Families conducting "do-it-yourself" cremations in Hastings are being forced to pay an exact $874 in cash to do it.
Helen Moore, who organised a cremation without a funeral home for her husband, at his request, complained about the practice, which she said added to her stress.
Hastings District Council acting group manager asset management Jag Pannu said on Friday the council asks for cash payments because they do not have Eftpos and can no longer accept cheques as banks have stopped accepting them.
If a cremation or burial is arranged through a funeral director, fees are covered by the director and invoiced at a later date but if a member of the public is paying, they require payment prior to cremation or burial.
"With the phasing out of cheques we are considering reassessing whether we need to install Eftpos machines in some of our facilities that may not previously have had them."
Moore, who had previously cremated her father in 2015, was also left confused by the additional $200 "DIY" fee, that had increased the cost she had to pay from $674 to $874.
Pannu said in 2015 no DIY fee was charged, but it is now "to accurately reflect the costs of the significant amount of time we spend working with families in this situation".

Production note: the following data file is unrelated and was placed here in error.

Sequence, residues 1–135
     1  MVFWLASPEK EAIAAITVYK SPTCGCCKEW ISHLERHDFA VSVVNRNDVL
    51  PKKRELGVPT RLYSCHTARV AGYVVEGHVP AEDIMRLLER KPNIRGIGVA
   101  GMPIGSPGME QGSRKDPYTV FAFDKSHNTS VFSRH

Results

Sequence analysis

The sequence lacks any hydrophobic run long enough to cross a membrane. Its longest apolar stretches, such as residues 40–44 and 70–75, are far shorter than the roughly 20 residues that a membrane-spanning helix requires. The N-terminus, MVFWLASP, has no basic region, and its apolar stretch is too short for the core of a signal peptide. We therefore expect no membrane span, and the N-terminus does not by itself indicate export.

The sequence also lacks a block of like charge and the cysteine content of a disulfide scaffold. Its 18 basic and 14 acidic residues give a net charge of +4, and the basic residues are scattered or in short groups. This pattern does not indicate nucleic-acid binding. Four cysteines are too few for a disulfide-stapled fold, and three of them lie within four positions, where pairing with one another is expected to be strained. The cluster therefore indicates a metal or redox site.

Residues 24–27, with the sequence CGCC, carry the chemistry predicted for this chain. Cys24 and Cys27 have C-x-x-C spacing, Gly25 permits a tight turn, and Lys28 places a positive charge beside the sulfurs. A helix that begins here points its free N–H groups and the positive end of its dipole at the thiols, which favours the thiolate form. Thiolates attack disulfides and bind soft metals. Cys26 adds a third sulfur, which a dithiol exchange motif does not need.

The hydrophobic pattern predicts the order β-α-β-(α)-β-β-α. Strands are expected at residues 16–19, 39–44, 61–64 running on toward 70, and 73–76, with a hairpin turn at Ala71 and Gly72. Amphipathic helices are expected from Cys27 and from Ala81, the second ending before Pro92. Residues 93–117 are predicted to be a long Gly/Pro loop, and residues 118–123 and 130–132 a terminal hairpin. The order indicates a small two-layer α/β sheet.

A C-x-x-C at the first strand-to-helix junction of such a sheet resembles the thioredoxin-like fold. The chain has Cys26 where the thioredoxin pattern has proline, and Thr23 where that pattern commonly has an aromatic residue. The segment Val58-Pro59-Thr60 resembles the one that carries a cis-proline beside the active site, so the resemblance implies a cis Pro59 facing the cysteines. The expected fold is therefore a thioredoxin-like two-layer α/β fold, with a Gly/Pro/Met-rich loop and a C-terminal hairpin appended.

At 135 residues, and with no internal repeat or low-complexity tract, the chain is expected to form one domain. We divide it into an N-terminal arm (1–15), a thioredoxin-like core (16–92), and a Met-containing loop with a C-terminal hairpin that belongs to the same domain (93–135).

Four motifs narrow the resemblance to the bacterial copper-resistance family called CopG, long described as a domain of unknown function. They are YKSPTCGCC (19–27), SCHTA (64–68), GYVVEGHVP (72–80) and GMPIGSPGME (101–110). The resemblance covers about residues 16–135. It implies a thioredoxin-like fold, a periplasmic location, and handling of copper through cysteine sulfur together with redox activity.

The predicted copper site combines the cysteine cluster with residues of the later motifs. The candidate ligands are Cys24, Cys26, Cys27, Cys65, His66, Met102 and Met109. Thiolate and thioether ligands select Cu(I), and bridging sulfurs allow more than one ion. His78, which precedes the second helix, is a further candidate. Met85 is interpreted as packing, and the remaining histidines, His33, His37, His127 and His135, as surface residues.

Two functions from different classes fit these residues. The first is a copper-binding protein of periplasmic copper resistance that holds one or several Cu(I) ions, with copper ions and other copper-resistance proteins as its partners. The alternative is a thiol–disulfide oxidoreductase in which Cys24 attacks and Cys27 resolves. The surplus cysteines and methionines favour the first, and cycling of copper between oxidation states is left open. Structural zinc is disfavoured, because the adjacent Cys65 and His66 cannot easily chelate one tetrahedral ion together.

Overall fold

Moore said a few weeks after the funeral she went on to the council website to try to work out what the extra $200 was for and could find no reference to an extra charge for doing it yourself and not using a funeral director.
"You think it would be in their list of fees and it isn't.
"Admittedly I haven't questioned it until fairly recently but then I wasn't really concentrating on that type of thing at the time."
Moore does not want anyone else to be charged the DIY fee and be unaware of it.
Pannu said the fee is not advertised on the fee schedule on the website but is "fully explained" at the time of booking with the family.
He said when people come to the cemetery office, they are informed that the cremation fee is $674 and there is a DIY fee of $200 and the reasons for this, "as happened in this circumstance".
"The fee that is charged covers the process of helping the family through the paperwork as part of the DIY cremation or burial process which can be a significant amount of time in most cases."
It also takes into account the assistance provided to the family when they arrive at the crematorium and transition the deceased into their care.
Funeral director Terry Longley Jr said there are various fees that are justifiable but people should understand why they are paying them and transparency is needed.
As a funeral director, there is a lot of paperwork and time that goes into crematorium applications and crematoriums predominantly rely on funeral homes who "completely understand this process" to do this administration work.
"It's not something you can look up on the internet and it tells you exactly step by step how to do it - it's kind of an inherent thing that funeral homes know how to do.
"I feel for those people that go through that because it is a stressful time.
"It is your right not to use a funeral home and it is pretty unclear for people if they choose not to use a funeral home."